The first operational aircraft, a preproduction P.1B (XG336), arrived at RAF Coltishall in Norfolk in December 1959. From 1960 the production mark F.1 served initially with No.74 Squadron. An improved variant the F.2 first flew on 11th July 1961 and entered service with No.19 Squadron at the end of 1962. The F.3 was first flown on 16th June 1962 and the longer-range F.6 on 16th June 1965. The versions sold to Saudi Arabia were essentially similar to the T.5 and F.6 models in UK service and this final production batch reverted to the classic natural metal external finish which lasted well in the drier Arabian climate.

During the 1960s, as strategic awareness increased and a multitude of alternative fighter designs were developed by Warsaw Pact and NATO members, the Lightning's shortcomings in terms of range and firepower became increasingly apparent.

The withdrawal of McDonnell Douglas F-4 Phantoms from Royal Navy service enabled these slower but much longer-ranged aircraft to be added to the RAF's interceptor force alongside those withdrawn from Germany which were being replaced by SEPECAT Jaguars in the ground attack role. Later the Tornado F.3s also arrived to defend UK airspace. While slower and less agile than the Lightning, the Tornado carries a much larger armament load and much more advanced avionics. Lightning's were slowly phased out of service between 1974 and 1988, although much testing and modification was needed to keep them in air-worthy condition due to the high number of flight hours accumulated. The English Electric Lightning is credited with a single kill, ironically a British aircraft, a Harrier pilot ejected, but the pilot less aircraft continued to fly. The order was given to shoot down the aircraft and the Lightning achieved this successfully.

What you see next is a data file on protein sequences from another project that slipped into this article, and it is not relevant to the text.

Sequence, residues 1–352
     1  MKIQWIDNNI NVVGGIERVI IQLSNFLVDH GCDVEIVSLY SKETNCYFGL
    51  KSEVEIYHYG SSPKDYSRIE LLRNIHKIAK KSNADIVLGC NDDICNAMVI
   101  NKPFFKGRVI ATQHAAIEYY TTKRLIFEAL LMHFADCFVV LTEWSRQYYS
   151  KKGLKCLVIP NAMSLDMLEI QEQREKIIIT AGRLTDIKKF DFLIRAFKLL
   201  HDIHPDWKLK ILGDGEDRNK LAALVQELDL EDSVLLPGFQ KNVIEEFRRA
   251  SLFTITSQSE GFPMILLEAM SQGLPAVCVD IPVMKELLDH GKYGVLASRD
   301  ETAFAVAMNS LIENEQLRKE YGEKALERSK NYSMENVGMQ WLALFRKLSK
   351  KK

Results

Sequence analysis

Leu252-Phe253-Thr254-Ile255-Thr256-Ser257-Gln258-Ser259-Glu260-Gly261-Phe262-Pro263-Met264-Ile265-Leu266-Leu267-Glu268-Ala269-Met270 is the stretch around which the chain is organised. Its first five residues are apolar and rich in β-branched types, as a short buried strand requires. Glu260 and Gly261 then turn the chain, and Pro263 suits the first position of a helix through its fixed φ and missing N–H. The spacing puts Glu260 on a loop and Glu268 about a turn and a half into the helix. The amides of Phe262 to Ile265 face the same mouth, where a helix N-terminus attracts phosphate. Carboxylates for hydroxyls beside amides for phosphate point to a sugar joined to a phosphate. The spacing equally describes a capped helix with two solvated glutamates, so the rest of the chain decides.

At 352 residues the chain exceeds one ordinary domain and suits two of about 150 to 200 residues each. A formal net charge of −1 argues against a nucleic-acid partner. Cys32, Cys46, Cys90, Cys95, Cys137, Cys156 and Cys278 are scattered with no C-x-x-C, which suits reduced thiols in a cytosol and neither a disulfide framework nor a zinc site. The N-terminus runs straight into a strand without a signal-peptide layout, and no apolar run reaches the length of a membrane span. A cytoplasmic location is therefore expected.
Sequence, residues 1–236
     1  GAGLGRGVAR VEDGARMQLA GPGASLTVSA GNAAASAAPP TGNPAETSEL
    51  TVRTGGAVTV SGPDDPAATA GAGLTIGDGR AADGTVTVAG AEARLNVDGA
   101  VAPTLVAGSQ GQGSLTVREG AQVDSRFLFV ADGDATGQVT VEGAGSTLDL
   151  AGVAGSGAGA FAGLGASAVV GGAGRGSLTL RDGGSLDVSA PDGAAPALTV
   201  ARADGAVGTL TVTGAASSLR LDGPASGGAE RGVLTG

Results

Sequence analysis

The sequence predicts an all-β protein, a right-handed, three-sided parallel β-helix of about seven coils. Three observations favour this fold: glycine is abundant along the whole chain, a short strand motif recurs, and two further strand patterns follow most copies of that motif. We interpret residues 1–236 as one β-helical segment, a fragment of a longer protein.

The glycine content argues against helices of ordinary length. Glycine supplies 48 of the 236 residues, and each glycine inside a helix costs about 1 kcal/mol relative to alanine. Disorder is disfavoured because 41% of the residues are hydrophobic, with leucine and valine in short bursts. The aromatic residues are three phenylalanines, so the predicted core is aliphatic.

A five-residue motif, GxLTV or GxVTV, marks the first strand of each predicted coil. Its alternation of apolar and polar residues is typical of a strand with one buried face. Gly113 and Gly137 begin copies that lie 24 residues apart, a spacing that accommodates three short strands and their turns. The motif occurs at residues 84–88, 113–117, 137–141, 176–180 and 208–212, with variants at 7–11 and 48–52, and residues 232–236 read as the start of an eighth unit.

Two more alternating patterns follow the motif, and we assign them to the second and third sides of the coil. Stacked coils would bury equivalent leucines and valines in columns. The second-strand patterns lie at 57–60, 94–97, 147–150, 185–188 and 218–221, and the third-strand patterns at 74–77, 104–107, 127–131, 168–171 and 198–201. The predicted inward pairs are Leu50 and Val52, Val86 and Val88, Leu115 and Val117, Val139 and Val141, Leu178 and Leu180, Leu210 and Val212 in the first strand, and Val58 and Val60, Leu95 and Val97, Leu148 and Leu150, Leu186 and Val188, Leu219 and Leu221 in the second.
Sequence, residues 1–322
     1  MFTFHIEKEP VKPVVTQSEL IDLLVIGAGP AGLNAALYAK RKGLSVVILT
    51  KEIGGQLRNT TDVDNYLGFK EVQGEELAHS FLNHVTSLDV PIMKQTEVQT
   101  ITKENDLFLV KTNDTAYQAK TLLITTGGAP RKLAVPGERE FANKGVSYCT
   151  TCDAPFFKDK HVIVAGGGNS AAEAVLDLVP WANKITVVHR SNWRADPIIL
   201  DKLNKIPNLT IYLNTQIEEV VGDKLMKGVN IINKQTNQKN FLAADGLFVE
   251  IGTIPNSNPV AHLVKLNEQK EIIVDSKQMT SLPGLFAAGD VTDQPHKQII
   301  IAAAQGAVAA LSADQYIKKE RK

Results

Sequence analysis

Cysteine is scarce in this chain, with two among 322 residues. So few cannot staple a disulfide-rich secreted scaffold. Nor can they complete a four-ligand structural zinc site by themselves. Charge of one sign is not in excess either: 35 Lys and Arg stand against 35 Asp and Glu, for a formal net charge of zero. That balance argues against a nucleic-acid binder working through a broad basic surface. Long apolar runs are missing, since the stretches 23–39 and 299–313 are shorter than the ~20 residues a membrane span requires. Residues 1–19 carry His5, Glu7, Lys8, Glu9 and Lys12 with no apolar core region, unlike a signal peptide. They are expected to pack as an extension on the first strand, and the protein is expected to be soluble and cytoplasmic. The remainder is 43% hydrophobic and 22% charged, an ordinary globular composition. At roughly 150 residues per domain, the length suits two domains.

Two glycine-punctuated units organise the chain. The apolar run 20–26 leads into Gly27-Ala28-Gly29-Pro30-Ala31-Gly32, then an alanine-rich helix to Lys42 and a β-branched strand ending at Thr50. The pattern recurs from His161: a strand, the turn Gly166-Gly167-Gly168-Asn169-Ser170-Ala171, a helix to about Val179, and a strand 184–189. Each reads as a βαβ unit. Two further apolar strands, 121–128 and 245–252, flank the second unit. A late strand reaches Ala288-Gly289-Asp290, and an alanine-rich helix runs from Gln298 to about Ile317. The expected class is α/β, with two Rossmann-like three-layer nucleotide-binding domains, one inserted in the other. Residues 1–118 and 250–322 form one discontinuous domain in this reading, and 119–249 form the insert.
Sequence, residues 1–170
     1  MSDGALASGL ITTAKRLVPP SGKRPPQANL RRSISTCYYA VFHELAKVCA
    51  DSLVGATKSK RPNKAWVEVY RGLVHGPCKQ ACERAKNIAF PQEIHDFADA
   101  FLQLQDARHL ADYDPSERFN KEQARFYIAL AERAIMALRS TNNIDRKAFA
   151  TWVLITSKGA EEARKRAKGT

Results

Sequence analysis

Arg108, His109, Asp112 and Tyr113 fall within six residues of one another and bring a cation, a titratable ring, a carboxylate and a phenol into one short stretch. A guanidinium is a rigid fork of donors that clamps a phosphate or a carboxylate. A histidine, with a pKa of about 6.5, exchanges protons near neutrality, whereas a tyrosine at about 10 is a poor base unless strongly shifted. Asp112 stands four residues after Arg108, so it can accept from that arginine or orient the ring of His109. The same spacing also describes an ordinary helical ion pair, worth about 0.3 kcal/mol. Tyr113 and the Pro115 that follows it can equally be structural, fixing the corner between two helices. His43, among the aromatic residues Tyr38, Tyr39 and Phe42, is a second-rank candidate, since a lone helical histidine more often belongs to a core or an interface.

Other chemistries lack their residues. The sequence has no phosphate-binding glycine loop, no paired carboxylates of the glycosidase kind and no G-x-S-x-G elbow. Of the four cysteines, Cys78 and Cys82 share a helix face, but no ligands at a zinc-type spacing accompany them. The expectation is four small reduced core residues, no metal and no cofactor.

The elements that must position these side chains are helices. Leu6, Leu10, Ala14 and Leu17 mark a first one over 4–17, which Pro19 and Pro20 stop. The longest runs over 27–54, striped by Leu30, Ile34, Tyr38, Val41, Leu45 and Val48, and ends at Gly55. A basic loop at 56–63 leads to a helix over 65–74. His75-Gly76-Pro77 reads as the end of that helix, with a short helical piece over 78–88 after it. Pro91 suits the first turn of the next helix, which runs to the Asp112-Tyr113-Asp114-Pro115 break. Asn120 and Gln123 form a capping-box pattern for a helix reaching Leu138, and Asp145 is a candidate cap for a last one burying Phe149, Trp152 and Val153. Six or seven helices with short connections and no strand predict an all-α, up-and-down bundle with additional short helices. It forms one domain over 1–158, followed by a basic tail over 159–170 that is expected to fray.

In their final years of UK service, all RAF Lightning's were based at RAF Binbrook in Lincolnshire and many were camouflaged to make them less conspicuous when flying at low level. They tended to defend the Flamborough Head Sector of airspace above the North Sea. These later aircraft were the single-seater F.3 and F.6 and the twin seat trainer variant T.5, all constructed by British Aircraft Corporation and distinguished from earlier versions by their flat topped fins. In their last year of service their pilots regularly pushed the aircraft to their limits as they used up the remaining hours of fatigue time.

Many Lightning's are conserved in museum collections where they delight visitors with their clean sleek lines, evocative of the high speeds that they once attained. The Civil Aviation Authority refused a licence for the surviving airworthy examples to perform at air shows in the UK but there are a few flying in South Africa.

Production Summary
ModelProduction
P.1A3
P.1B3
F.142
F.1A29
F.2/F.5244 Built (6 of which converted to F.52)
F.2A31 (All F.2 conversions)
F.371 (10 F.1 conversions)
F.3A17 (1 F.3 conversion)
T.4/T.5421 (2 of which converted to T.54)
T.524 (2 T.4 conversions)
F.663 (8 F.3 and 5 F.3A conversions)
F.5347 ( 1 F.3 conversion)
T.559 (1 T.5 conversion)
Specifications(Lightning F.Mk6)
Length:55.25ft (16.84m)
Width:34.84ft (10.62m)
Height:19.59ft (5.97m)
Accommodation:1
Hardpoints:4
Empty Weight:28,036lbs (12,717kg)
MTOW:41,991lbs (19,047kg)
Max Speed:1,312mph (2,112kmh; 1,140kts)
Max Range:802miles (1,290km)
Rate-of-Climb:50,000ft/min (15,240m/min)
Service Ceiling:55,020ft (16,770m; 10.4miles)
Engine:2 x Rolls-Royce Avon 301 engines generating 16,360lbs of thrust with afterburn
Armament Standard:2 x 30mm ADEN cannons in nose
Armament Optional:de Havilland Firestreak infrared air-to-air missiles
Hawker Siddeley Red Top infrared air-to-air missiles
Matra rocket pods (18 x SNEB 68mm rockets)
Matra JL-100 rocket pods (19 x SNEB 68mm rockets)
Conventional Drop Bombs
Conventional Drop Tanks
"Overwing" Fuel Tanks
Vinteen 360 70mm cameras
Up to 6,000lbs of external ordnance